Kenneth Rijock

Kenneth Rijock

Tuesday, June 30, 2020

TO AVOID ENDING UP ON THE MONEYVAL "GREY LIST," MALTA MUST ABOLISH ITS SHELL COMPANIES



With all the rumors percolating throughout Malta, concerning whether MONEYVAL will soon place the Republic on its money laundering "Grey List," perhaps the country's leaders should consider a reform that might get favorable regulatory attention: abolishing Malta's tax haven shell company laws.

The shell (offshore) companies formed in Malta have attracted the wrong kind of crowd, such as the cryptocurrency and online gambling industries, which bring with them their share of money laundering and corruption exposure. Legitimate EU businessmen flock to Valletta due to the irresistible lure of only a five (5% ) effective income tax rate, after rebates, and remember that sharp operators can desgnate the cash flow as royalties, interest and dividends, and pair it up with a non-resident founder, resulting in a 0% rate.



Resident nominee directors of shell companies, who are supposed to possess spotless backgrounds, often have dark or unacceptable work histories, including termination of directorships for cause, as well as participation in prior company misconduct, can usually be found still on the job, with such character flaws, as the regulators rarely if ever  are known to complain, let alone intervene, on the grounds of reputation shortcomings. Fit and Proper Person qualification passed ? Doubtful.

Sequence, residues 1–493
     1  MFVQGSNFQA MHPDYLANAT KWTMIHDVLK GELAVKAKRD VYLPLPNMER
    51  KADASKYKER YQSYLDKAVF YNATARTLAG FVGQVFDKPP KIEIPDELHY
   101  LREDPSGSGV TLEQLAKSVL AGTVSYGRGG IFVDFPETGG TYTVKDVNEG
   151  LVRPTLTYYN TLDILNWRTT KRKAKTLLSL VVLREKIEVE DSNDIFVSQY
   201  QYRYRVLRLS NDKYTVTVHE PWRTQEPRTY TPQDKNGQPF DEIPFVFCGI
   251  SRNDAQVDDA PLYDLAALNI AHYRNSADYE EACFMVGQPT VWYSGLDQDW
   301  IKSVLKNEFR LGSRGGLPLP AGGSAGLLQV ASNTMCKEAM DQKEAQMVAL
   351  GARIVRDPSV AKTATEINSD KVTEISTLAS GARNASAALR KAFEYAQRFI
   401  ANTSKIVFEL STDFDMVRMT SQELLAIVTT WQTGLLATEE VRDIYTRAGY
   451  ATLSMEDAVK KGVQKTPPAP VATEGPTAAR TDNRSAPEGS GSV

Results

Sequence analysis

The requirement that detailed time records be kept, and maintained, by directors, also seems to be generally ignored. Time dedication is not only an MFSA requirement for directors, it is also mandated by the European Central Bank (ECB). We want to know how a director holding a portfolio of one hundred companies can truthfully and accurately keep time records. There aren't enough hours in a day to justify the time records recorded by many Maltese directors of shell companies, but nobody seems to be calling them out on it. Read the MFSA Personal Questionaire template form for specific information here.

Perhaps an illustration might make it easier to understand: Director ARMIN ECKERMANN, who was reportedly fired from Fimbank; worked at and was a director at Pilatus Bank, which was closed by regulators, and previously worked at West LB, which was liquidated with debts listed at €65bn. How Herr Eckermann is able to hold any position in the financial services industry at this time. simply cannot be explained, given MFSA regulations.  Consider him as a representative sample of many of the other Maltese directors of shell companies. Finally, he appears to be the only staff member at €2bn Banco Finantia. Exactly what are his duties there, other than signing checks ?



Now do you see why the EU is so critical of Malta's shell companies.






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